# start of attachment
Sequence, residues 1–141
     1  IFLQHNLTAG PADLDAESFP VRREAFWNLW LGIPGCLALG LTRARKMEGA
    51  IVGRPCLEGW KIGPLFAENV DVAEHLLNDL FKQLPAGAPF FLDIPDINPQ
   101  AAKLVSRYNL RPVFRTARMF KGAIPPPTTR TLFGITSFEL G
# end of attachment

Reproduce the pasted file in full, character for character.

Sequence, residues 1–141
     1  IFLQHNLTAG PADLDAESFP VRREAFWNLW LGIPGCLALG LTRARKMEGA
    51  IVGRPCLEGW KIGPLFAENV DVAEHLLNDL FKQLPAGAPF FLDIPDINPQ
   101  AAKLVSRYNL RPVFRTARMF KGAIPPPTTR TLFGITSFEL G